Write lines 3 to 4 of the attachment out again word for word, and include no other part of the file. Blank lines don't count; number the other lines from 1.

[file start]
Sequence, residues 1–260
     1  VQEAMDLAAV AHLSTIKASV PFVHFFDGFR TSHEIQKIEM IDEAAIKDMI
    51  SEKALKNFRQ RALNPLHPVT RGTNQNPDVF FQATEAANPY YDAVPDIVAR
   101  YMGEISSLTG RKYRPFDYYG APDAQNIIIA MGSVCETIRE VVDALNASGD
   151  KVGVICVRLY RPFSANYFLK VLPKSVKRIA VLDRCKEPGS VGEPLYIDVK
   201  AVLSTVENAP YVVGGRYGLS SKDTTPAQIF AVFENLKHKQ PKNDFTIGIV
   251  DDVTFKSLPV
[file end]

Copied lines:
    51  SEKALKNFRQ RALNPLHPVT RGTNQNPDVF FQATEAANPY YDAVPDIVAR
   101  YMGEISSLTG RKYRPFDYYG APDAQNIIIA MGSVCETIRE VVDALNASGD